Maintain & Retrieve – When and under what circumstances will you need to retrieve information about the steps taken, the decisions made, the outcome or account status? Identify frequently needed information and keep it readily available. Less frequently needed information can be more remote.

Resources – What will you need to carry out your activities? Consider technology, people and capital. If you don’t have resources when you need them, you could reach an impasse.

Once you’ve gone through all the steps you have the basis for a system or a structure – that can be used over and over again when predictable work occurs. Think of Michael Gerber’s concepts, as outlined in his business classic, The E-Myth Revisited”. He suggested every business should be organized as if it were to be franchised. In other words, operate from a clearly documented and well integrated system.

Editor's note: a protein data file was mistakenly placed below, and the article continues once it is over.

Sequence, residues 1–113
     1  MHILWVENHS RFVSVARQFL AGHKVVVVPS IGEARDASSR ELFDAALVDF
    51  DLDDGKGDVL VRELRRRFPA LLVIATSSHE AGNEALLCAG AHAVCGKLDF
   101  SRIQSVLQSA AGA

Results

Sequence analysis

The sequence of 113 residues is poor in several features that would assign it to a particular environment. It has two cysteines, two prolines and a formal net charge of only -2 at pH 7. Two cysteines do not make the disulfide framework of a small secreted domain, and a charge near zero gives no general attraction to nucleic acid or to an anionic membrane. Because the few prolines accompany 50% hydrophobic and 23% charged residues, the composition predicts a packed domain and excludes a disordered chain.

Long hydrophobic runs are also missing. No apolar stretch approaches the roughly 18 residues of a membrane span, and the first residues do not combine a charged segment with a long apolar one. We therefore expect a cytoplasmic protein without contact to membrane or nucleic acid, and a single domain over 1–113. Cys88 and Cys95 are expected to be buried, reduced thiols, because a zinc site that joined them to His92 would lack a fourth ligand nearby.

Write the System – As a place to start you will probably want to do it in as an outline until you’ve lived through the process a few times. Make sure everyone knows the system and their place in it. Your job gets easier when you have a system that works.

Now you’ve not only got yourself organized to DO THE JOB, you’ve got a foundation to grow on. In the process you’ll gain your personal freedom from your business.

Yes, it takes time and commitment to make the changes that will set you fr-ee. As David Allen says in his book, Ready for Anything, “It’s hard to stay on track without rails”. With the rails in place you can concentrate on the controls and enjoy the trip.

If you’re ready to change your results, get organized NOW, and set yourself fr-ee.